Tim Ferriss: Nachos, nachos, nachos.
Kevin Rose: Nachos. That is not going to be one of the mantras. So, anyway, it’s a new thing for me. Because in building so, many different pieces of software over the years, when I started Digg ten years ago, and read it, and we had competitors around; we were very cautious about which features we launched because they were getting cloned so, quickly.
Almost like you said, whereas if you put this idea out there for a genre, all of a sudden you can have ten or 15 other books spring up before yours is actually out there and they gain mindshare. So, I don’t know. It’s potentially me being just a little bit gun-shy, here.
Tim Ferriss: I would just say that I do small, I would say, test group development for a lot of the content that goes into my books.
Kevin Rose: This is what you did for your first book cover, right, or the name of it?
Tim Ferriss: I did Google AdWords testing.
Kevin Rose: Didn’t you also, print out covers and put them on a book? Tell people that story.
Tim Ferriss: I did. This is a story fewer people know. A lot of people have heard about how I used Google AdWords. I had about half a dozen titles and subtitles that were of equal appeal in effect for the Four Hour Work Week.
I tested them on Google AdWords for $150 or $200 over the span of a week, and figured out very quickly – or Google figured out for me – which combination worked best to maximize click-through. Then that just went to an under-construction work page. But the other way that I tested was I printed out sample covers, different covers once the title had been decided and wrapped them around books that were the same size, and put them up on shelves at the Borders that used to exist on University Avenue in Palo Alto. And I sat there keeping track of how many people picked up different covers.
Kevin Rose: Based on the title.
Tim Ferriss: Based on the cover.
Kevin Rose: Based on the cover design.
Tim Ferriss: That’s right.
Kevin Rose: Okay, because you had already decided the title.
Tim Ferriss: Yes. So, I’d swap the covers every hour or so, and just stand there, watching.
Kevin Rose: What were some of the covers? Do you remember what they looked like?
Tim Ferriss: It was mostly color scheme. There were some design elements.
But I test, I do test. I would say a few things. No. 1, you could capture the process and then release those after the app is launched. I think that would still be of equal value. I don’t think you need to broadcast them while you are still in development. I don’t think that’s a necessity. Quick question for you, though, because I’ve wondered about this myself. I use Slack internally for a lot of my work with my team.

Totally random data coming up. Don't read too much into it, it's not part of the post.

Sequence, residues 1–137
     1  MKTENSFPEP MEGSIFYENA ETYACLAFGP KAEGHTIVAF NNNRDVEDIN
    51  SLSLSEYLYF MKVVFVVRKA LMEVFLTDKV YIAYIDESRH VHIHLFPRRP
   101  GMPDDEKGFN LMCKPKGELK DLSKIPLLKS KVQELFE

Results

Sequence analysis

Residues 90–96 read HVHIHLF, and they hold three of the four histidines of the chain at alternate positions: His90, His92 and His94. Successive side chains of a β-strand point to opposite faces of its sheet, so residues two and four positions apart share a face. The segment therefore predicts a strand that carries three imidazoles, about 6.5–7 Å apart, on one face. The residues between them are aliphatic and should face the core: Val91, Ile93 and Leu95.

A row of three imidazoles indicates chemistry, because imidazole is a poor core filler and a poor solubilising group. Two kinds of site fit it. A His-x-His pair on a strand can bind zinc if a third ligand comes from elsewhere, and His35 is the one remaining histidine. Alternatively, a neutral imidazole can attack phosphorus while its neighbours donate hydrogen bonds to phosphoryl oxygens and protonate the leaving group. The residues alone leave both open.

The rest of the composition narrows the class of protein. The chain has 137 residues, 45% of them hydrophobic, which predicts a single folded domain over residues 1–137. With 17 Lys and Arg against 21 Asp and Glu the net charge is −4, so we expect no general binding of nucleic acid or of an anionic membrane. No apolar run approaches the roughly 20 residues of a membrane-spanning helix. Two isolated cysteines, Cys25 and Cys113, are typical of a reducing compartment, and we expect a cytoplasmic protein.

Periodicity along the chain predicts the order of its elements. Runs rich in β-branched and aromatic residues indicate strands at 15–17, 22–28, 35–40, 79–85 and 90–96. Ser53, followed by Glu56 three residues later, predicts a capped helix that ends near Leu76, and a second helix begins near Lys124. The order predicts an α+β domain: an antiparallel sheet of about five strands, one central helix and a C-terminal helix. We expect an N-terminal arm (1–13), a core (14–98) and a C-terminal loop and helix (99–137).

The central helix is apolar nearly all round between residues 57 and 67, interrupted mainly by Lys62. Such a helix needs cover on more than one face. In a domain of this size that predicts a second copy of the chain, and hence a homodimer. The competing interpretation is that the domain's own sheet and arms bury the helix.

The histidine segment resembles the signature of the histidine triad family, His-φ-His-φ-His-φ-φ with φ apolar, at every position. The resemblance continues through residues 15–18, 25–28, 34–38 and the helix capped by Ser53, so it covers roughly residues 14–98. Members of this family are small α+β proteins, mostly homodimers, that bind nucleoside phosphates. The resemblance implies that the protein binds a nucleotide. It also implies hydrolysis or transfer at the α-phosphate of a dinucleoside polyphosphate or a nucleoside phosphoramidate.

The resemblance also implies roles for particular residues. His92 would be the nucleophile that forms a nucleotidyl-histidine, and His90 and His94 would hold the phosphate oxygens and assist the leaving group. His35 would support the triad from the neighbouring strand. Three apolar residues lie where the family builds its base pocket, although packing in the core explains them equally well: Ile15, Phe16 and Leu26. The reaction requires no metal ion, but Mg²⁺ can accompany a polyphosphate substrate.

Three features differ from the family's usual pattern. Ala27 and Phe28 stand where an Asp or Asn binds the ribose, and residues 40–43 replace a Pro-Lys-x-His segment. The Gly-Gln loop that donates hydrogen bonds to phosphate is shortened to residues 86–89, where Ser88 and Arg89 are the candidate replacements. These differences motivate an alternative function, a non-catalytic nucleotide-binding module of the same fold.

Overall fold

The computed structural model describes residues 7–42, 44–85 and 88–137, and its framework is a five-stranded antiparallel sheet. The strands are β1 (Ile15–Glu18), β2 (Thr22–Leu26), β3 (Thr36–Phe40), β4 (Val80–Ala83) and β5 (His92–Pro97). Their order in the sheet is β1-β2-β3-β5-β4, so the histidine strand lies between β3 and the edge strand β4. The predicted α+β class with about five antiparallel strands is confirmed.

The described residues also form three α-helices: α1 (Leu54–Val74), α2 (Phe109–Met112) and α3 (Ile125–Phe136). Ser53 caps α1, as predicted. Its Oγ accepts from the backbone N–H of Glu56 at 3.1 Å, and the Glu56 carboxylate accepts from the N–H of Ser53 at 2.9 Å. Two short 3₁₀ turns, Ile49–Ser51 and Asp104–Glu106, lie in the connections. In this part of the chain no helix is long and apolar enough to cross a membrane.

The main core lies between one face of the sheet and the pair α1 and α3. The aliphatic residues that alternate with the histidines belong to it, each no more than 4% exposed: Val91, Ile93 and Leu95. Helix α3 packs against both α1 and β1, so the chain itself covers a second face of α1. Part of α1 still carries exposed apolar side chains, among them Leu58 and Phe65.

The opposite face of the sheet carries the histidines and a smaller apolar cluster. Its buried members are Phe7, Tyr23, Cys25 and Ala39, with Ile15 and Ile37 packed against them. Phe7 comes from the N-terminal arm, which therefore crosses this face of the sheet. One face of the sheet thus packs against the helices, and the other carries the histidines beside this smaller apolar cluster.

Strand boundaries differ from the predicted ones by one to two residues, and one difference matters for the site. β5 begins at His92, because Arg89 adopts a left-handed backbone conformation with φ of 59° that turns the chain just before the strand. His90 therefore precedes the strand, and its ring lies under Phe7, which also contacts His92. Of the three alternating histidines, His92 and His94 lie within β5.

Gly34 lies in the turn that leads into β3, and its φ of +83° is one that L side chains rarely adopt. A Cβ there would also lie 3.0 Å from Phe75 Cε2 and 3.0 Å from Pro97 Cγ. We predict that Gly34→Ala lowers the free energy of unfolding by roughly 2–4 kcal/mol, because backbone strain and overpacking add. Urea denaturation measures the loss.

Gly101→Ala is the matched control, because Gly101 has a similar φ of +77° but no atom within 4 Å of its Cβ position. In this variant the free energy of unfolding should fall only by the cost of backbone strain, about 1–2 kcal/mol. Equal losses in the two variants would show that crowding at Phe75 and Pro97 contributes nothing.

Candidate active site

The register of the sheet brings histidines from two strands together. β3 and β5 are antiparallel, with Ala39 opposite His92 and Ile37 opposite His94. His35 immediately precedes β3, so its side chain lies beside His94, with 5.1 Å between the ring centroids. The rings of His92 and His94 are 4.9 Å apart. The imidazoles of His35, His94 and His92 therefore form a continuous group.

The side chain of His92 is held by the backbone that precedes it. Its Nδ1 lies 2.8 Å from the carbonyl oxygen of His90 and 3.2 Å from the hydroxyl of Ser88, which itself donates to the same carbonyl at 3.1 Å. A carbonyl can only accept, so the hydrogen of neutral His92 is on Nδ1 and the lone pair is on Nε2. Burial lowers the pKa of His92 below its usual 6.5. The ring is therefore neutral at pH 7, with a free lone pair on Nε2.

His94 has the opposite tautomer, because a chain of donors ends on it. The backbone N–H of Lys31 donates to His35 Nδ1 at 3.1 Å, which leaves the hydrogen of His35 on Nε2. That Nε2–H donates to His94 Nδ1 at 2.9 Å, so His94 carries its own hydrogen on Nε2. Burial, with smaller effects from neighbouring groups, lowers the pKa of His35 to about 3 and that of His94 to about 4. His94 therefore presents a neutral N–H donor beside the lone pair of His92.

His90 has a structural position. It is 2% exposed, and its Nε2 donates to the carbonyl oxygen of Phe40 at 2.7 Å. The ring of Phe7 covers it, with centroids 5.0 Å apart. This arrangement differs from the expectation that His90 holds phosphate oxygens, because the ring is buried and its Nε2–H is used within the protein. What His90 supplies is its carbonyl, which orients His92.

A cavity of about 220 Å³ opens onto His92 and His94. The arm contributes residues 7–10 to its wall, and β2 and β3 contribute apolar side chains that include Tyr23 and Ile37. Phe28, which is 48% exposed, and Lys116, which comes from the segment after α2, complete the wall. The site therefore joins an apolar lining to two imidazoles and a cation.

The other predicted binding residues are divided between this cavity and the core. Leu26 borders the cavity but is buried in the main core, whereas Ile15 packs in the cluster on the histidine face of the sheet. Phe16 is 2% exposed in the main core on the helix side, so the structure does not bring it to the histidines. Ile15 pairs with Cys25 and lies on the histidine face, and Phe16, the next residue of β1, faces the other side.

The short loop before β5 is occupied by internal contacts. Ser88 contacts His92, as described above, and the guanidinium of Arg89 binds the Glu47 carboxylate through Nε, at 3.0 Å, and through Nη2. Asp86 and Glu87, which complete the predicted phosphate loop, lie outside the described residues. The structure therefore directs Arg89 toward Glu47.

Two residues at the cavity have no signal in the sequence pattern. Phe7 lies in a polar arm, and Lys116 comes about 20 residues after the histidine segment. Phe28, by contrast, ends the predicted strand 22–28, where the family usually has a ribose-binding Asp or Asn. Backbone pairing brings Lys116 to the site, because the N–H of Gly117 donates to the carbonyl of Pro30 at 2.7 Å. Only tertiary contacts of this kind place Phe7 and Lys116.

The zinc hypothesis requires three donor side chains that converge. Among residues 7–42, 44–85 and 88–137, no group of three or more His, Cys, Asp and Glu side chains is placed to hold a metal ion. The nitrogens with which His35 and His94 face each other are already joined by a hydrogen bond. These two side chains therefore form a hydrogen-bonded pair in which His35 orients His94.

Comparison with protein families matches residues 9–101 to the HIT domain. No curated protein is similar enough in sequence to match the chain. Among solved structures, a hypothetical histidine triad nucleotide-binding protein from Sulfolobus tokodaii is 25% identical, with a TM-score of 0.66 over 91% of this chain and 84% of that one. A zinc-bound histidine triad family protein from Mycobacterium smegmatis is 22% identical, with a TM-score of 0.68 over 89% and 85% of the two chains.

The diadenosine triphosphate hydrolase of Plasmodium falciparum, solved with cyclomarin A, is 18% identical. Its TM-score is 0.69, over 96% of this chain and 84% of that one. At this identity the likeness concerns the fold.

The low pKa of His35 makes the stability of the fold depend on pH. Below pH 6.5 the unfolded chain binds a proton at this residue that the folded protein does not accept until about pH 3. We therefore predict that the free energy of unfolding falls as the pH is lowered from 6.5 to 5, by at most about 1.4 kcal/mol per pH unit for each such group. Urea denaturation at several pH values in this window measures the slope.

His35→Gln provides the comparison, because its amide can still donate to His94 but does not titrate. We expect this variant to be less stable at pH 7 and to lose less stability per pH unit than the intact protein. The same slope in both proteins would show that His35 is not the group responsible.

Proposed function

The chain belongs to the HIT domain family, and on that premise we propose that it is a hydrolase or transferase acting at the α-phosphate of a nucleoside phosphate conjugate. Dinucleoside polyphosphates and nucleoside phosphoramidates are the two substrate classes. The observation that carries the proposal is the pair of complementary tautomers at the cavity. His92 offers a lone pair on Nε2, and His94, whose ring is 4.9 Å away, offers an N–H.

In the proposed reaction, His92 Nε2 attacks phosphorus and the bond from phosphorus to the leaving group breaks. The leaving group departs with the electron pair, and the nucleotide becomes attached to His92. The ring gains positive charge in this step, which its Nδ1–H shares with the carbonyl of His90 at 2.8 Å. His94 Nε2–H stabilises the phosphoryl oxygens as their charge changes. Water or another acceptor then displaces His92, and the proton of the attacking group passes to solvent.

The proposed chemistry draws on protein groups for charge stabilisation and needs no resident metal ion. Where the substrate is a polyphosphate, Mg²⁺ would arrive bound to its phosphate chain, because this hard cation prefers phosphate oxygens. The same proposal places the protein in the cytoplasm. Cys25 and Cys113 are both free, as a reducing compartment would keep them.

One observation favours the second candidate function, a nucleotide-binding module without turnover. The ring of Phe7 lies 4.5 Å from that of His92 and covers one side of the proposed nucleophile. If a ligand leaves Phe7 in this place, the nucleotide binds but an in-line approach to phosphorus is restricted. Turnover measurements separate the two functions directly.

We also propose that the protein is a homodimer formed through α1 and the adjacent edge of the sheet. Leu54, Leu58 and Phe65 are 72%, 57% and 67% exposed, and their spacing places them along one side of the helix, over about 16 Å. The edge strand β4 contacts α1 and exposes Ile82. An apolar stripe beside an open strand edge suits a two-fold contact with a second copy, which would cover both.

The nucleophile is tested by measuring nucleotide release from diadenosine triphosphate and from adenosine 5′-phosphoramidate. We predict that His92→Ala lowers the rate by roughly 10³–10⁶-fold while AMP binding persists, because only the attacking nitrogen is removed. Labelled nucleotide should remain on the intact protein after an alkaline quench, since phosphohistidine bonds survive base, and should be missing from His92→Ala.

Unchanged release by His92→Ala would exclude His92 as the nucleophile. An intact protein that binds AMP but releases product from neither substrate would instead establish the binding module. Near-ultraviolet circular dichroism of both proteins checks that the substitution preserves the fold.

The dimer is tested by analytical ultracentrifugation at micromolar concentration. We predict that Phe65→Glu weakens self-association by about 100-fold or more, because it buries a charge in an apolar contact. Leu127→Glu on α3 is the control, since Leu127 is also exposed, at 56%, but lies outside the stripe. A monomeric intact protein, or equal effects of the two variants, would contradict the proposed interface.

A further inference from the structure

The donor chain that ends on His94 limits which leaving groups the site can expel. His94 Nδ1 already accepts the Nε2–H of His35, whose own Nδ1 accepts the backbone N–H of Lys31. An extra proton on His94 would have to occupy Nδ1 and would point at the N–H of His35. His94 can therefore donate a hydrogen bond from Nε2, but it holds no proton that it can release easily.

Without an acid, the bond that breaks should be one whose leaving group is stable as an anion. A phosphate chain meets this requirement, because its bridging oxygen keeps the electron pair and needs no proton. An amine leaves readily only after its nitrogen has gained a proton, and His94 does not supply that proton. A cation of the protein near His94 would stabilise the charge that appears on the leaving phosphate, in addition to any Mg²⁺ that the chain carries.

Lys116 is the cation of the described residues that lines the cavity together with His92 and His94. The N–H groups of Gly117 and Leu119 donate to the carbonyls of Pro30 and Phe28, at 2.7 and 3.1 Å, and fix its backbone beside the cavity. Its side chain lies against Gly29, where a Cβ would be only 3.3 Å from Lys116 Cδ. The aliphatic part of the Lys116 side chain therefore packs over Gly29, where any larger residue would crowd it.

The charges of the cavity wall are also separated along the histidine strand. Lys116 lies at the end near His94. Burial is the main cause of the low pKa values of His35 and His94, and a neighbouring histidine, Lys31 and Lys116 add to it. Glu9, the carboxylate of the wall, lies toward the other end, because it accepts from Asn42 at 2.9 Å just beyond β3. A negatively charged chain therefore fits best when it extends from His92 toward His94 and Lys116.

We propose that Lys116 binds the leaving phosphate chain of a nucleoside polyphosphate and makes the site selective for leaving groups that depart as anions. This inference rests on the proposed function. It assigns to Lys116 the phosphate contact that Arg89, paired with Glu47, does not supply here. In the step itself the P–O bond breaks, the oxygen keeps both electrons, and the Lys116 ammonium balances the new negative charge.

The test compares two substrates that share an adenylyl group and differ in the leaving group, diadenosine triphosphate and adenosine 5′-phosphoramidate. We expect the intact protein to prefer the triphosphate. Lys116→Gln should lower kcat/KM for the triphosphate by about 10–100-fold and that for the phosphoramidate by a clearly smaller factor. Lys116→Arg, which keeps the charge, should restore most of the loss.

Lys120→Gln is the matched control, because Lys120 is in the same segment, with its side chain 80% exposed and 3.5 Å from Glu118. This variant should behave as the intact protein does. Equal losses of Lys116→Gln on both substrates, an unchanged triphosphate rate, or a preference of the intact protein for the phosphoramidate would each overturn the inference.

But I’ve heard mixed reviews about Slack channels for communities. Some people seem to love it. I’ve had other people, who will remain unnamed, who say don’t do it; it’s a huge headache. Why use a Slack channel as opposed to, say, a private Facebook group?
Kevin Rose: It’s a great question. I actually thought about both. I might go Facebook. The problem with Slack is due to the nature that it is just a real-time chat, I think that the expectation is a more immediate response from you, versus it being just a general post in a Facebook group which you can get back to in a day or two. You and I are both really busy people. I have a feeling I will go Facebook. And Slack has a cap, too.
Tim Ferriss: Slack also, doesn’t have nested comments.
Kevin Rose: They just added something like that just a week ago.
Tim Ferriss: Did they? Because that drives me insane.
Kevin Rose: It’s not nested comments but it’s kind of like sub threads around a single comment.
Tim Ferriss: Right, that’s what I mean.
Kevin Rose: It doesn’t show up as a straight nest in the timeline, though; you kind of click through it. It’s a little bit funkier than a standard nested comment. But yeah, they’ve added that.
Tim Ferriss: Can I add a side note?
Kevin Rose: Yeah.
Tim Ferriss: Just in case anyone from Facebook is listening to this, request – please, pretty please – if I could sort my comments by most liked or up-voted; that would make my life so, much easier.
Kevin Rose: Where?
Tim Ferriss: On my fan page, on Facebook.com/timferriss. When I poll people or when I ask my audience for feedback on things, like: hey, for 1,000 square feet or less, what type of yurt or small house should I build on such-and-such a plot? Then I get all these incredible responses. I’ve asked some people at Facebook about this; there’s no clear way that I have found to sort by most likes. Isn’t that crazy?
Kevin Rose: Don’t they have a sort by most interesting or something like that?
Tim Ferriss: They have sort by best, or top, or something like that but it’s an algorithm; it’s not a straightforward most liked indicator. So, go figure. But why meditation? What’s driving you to do it and what does success for you look like? Say you launch it in three months, three months after that how will you know if it has been successful or not?